posted on Dec, 25 2011 @ 01:14 PM
Originally posted by MCory1
Preamble: This is a long post. And it intentionally makes no claim one way or another about any of the reported happenings at Archuleta Mesa, more
commonly known as the "Dulce Base." This is merely an attempt to determine whether or not it is reasonable to think that an installation could have
been built at the time. I apologize for the length, but I could not think of any way to split it up as Gazrok did with Roswell, and while some of it
is rather editorial, the majority of it is relevant. Any comments are most welcome; if you find any flaws, please don't hesitate to let me know. I
hope that if nothing else this stimulates some more serious thought into the area, and any criticism is appreciated. So, without further ado...
There’s something happening here;
What it is ain’t exactly clear…
—Buffalo Springfield, "For What it's Worth"
In the ufology field, like any other research area, the material falls in a large spectrum of publicity. At one end, there’s the Roswell incident of
July 6th, 1947, where the military allegedly seized a crashed space craft. There’s the Travis Walton abduction case, popularized in the 1993 movie
“Fire in the Sky.” The abduction of Betty and Barney Hill in late 1961 has received lesser fanfare, but is still a favorite among believers.
There’s the lesser known “Battle of LA,” where the military fired on an unknown object in the early morning of February 25th. At the other end
of the spectrum lay the innumerable eyewitness accounts and tales that never receive any attention at all, and often are debunked without more than a
Somewhere in the midst of this spectrum, towards the more quietly spoken end, lies the story of the Archuleta Mesa, commonly referred to as the Dulce
Base (due to Dulce, NM being the nearest town.) While a detailed account is beyond the scope of this paper, a brief overview of the story as accounted
on AboveTopSecret.com is in order.
Under the Archuleta Mesa in northern New Mexico and southern Colorado, the United States military maintains an extremely confidential, multi-level
facility dedicated to research of extraterrestrial beings and technology. A large number of extraterrestrial beings are said to reside in this
facility, from various races and worlds. In 1979, there was a revolt of the aliens, and the majority of the human workforce was killed. While the base
was closed for a brief period of time, it was eventually reopened and operations recommenced.
Regardless of the validity of the story, it does make for excellent reading. Aliens, government conspiracies, secret bases, it’s all the bread and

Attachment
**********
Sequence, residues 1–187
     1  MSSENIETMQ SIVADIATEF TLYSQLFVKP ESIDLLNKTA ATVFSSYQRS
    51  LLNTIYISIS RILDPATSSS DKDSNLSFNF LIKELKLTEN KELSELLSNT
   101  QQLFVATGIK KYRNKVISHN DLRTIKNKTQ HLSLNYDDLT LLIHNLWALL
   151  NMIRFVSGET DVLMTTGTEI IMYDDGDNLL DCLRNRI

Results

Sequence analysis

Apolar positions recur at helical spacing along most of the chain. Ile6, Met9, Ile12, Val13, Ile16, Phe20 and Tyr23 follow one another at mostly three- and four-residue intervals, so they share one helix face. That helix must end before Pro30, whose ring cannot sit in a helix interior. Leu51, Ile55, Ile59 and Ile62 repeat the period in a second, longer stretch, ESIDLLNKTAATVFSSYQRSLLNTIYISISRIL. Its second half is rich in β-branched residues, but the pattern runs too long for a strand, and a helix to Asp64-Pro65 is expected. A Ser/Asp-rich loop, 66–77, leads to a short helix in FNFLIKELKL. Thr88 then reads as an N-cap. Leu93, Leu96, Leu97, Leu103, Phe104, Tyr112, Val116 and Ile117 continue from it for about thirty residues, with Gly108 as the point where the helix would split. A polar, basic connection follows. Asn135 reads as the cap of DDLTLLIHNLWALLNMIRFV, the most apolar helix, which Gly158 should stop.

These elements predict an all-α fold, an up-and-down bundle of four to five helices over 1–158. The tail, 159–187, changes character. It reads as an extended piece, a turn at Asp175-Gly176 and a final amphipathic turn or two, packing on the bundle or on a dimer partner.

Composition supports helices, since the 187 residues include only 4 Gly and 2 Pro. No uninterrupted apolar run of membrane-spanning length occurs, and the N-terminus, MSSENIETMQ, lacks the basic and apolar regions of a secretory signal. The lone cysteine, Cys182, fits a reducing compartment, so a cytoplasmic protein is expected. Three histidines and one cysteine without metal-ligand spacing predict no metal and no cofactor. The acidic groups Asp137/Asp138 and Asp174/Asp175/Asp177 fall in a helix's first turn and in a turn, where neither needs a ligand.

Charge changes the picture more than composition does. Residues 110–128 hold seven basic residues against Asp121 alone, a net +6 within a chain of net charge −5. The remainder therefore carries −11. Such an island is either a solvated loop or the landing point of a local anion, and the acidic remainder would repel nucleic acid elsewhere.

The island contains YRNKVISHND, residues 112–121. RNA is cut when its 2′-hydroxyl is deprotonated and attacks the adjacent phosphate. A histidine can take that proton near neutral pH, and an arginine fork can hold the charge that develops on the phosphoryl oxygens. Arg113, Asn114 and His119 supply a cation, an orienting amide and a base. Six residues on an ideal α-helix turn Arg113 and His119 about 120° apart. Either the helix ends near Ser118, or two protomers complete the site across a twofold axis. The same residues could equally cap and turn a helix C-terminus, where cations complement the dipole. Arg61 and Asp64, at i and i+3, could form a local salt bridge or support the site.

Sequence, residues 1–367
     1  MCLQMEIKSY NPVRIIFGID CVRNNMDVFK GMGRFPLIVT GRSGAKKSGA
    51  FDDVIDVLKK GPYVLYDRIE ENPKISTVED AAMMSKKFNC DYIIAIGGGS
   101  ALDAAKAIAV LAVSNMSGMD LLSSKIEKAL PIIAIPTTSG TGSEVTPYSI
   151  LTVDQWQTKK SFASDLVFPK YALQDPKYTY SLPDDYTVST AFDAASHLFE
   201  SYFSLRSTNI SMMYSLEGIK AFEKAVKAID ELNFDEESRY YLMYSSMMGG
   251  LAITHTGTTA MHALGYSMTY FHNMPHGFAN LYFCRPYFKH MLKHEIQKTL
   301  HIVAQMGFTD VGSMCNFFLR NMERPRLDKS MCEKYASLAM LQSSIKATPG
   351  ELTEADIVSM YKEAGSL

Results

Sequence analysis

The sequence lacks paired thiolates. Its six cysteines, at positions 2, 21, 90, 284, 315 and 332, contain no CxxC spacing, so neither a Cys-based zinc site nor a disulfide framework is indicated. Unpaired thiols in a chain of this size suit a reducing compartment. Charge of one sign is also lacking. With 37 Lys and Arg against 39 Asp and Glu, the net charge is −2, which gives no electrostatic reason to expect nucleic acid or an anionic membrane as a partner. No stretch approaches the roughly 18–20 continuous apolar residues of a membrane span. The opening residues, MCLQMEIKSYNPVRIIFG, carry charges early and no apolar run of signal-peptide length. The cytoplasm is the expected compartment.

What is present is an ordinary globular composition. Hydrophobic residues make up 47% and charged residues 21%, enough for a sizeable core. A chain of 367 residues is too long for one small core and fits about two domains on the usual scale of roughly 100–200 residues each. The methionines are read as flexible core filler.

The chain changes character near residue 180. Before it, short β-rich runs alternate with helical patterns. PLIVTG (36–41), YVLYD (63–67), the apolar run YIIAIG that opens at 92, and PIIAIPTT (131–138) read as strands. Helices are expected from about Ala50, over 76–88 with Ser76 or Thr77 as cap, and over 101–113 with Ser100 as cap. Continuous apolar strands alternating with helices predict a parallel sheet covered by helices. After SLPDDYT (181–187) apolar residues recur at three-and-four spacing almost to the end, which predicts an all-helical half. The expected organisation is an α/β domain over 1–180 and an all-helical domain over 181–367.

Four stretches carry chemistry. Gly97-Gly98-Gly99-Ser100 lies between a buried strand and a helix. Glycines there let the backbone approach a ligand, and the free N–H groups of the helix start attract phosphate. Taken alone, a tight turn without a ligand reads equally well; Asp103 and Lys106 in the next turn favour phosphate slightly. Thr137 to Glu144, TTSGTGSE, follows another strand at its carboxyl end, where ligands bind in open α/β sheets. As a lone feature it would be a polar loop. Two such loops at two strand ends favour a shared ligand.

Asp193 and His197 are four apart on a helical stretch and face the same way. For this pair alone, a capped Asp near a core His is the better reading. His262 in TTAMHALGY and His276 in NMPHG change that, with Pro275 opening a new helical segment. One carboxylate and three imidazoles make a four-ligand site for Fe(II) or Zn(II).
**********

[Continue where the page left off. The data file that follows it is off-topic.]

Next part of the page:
butter of any science fiction writer. Throw into the mix the various accounts of cattle mutilations, mysterious helicopters loitering in the area, and
strange lights in the skies. You now have a plot worthy of any Hollywood production team.
While the story of the aliens being held and having a small war is farfetched, prior to dismissing it out of hand one of the more mundane aspects of
the story needs to be considered. Is it even reasonable for such a base to have been constructed? In order to determine the plausibility of such
construction, there are several variables that must be considered.
The Archuleta Mesa, as stated above, is situated in northern New Mexico and southern Colorado. It is definitely tall enough to maintain a large
internal structure, standing at approximately 9,236 feet in elevation. However, the mesa stands on an intrusion of augite andesite (granite) over 300
feet thick. While this in itself does not necessarily preclude an installation being built to any depth below the mesa, it would make for the
extension of the base below this sill rather difficult.
Preamble to something and that is clear. Martian Child with John Cusack really a schmuck. The Bear on the Moon and Shangrila might have to wait, well
I have an ancestor, who came over on the Mayflower, so that we came here as refugees from Europe. A pale blue turquoise house, a ghost rider departed
across to Tumbola (Gazrok) through the dark veil of rain and fog. According to Time, a magazine with a history of theories of Beast men.
Tha horror film with Romero the chief shaper. It moves sensationally beyond the limits of all that is hideous, revolting and loathsome. Alien Invasion
Imprinting on Fox news, anything green that is good for the cholesterol. The magical sleigh base "recommenced" the government forcing us to learn a
foreign language so we can see Star of Bethlehem shows in Dulce Spanish. The physiognomy of the leopard skin creature make it easier to hunt, gave
Turtle and skunk "appropriate tails."
Bought on ebay like my wonderful digital camera and cheap laptop with a crack on the hinge. I like them but they both make sort of a wheezing noise.
Down below Archuleta Mesa Multi-level facility you hear wheezing of monstrous Chimera's fire breathing features of a female mixed with a couger. Or a
human baby with Caterpillar features (stomach form of huckleberries) crawls and builds a cocoon turning into a moth. Miniature human hands making a
Only Indians at the top know about it, but they are intimidated by a mastery of "Quark" who will make their life a living hell. I don't even really
consider these people anything but more than mirages of this huge clown-like charade. Definitely glad that the Doctor-Professor idea that there are
people coming from out in the distance with their dogs. Golden Retrievers security guards at the Rockies, fighting against the aliens (what the
edit on 25-12-2011 by MarkScheppy because: add